NEW ORLEANS – The College Football Playoff format was created to give more teams a chance to win the national title, but in reality it has highlighted how few programs can even dream of doing so.
Playoff expansion is regularly brought up as a way to level the playing field. The current playoff structure exacerbates the imbalance that limits the sport's growth.
The biggest impediment to parity in college football is talent distribution. Demographics, culture and population shifts have created a massive disparity of that heavily favors Southern schools.
Chuck Neinas, former commissioner of the Big Eight, has been a proponent of an eight-team playoff, with Power Five conference champions receiving automatic bids along with at least one team from the other five FBS leagues.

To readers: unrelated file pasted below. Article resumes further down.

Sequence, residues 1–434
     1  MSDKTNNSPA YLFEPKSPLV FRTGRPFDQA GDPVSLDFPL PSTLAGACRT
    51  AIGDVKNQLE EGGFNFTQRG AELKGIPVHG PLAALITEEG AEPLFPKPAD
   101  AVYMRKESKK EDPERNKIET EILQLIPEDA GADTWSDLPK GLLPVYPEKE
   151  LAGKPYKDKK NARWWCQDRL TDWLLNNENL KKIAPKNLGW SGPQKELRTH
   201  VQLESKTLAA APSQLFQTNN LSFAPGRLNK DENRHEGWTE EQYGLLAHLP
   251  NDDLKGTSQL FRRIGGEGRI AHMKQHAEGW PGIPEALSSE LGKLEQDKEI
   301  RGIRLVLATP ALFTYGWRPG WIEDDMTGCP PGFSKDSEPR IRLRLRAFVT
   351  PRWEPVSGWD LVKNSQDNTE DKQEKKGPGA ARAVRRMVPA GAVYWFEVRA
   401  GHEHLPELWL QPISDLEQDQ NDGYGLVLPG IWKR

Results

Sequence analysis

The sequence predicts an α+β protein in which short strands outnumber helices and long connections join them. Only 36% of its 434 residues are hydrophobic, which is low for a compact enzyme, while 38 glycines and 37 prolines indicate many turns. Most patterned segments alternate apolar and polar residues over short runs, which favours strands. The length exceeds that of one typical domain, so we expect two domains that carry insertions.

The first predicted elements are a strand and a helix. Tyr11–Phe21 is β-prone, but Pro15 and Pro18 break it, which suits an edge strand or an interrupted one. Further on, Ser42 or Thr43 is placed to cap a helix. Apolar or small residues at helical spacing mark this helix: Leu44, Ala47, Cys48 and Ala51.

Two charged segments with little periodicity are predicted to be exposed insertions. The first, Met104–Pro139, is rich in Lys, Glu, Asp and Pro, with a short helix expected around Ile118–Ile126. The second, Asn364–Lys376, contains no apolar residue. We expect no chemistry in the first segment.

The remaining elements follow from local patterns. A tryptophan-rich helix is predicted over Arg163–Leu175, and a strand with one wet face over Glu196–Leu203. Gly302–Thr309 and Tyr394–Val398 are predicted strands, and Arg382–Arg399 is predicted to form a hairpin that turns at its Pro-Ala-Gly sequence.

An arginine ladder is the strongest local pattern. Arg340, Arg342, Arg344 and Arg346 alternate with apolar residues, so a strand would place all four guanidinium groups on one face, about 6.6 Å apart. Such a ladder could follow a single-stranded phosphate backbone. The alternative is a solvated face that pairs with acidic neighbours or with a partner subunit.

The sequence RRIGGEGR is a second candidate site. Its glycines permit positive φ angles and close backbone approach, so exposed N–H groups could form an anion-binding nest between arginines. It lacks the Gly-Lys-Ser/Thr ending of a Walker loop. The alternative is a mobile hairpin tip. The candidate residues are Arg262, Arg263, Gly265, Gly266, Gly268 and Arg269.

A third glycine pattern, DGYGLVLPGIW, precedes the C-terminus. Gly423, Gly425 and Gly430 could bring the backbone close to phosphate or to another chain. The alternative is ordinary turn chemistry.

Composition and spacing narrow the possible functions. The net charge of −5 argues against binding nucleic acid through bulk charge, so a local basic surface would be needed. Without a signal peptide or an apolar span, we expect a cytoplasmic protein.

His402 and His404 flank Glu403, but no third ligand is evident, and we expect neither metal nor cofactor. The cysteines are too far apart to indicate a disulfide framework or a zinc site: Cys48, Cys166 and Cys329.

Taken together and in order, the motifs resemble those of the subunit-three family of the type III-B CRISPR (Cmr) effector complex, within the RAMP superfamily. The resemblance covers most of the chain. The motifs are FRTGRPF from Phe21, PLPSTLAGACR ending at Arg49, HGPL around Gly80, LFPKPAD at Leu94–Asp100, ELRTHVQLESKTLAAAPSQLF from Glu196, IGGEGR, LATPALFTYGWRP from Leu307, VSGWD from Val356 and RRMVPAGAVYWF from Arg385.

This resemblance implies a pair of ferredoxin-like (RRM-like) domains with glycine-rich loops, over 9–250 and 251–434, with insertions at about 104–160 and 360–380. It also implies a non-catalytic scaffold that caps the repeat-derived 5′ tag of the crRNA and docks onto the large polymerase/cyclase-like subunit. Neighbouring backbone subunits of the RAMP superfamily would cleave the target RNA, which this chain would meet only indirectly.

“I think that would help encourage more popularity (of the playoff), because during the regular season the importance of being a conference champion is actually increased,” Neinas said.
This year the list of elite teams included LSU, Clemson and Ohio State. Oklahoma made the final four but was clearly not in that class. LSU and Clemson met Monday in the championship game.
This was the fifth straight season the title game matched two teams from the Southeast. Include the BCS, and seven of the last nine national championship games have featured only teams from the Deep South.
“I think what's happening is that the sport is becoming more national, but it's doing so with brands that are regional only because they have state names attached to them,” ESPN's Rece Davis said. “But Alabama is a national brand. LSU is going to become that. I think Clemson has become that.”
Ohio State is in that class, the one school above the Mason-Dixon line consistently recruiting at that level. Georgia has moved toward that class, as well.
Media, traditional and social, allows all schools to put their brands in front of players who live outside their regional recruiting territory.